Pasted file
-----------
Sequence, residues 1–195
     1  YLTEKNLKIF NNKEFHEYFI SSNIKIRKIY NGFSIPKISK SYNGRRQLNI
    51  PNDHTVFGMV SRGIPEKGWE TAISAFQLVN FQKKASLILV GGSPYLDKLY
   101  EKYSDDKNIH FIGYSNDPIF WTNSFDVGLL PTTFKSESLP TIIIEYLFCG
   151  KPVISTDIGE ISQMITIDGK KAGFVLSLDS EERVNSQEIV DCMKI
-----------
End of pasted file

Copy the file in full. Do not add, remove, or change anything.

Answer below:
Sequence, residues 1–195
     1  YLTEKNLKIF NNKEFHEYFI SSNIKIRKIY NGFSIPKISK SYNGRRQLNI
    51  PNDHTVFGMV SRGIPEKGWE TAISAFQLVN FQKKASLILV GGSPYLDKLY
   101  EKYSDDKNIH FIGYSNDPIF WTNSFDVGLL PTTFKSESLP TIIIEYLFCG
   151  KPVISTDIGE ISQMITIDGK KAGFVLSLDS EERVNSQEIV DCMKI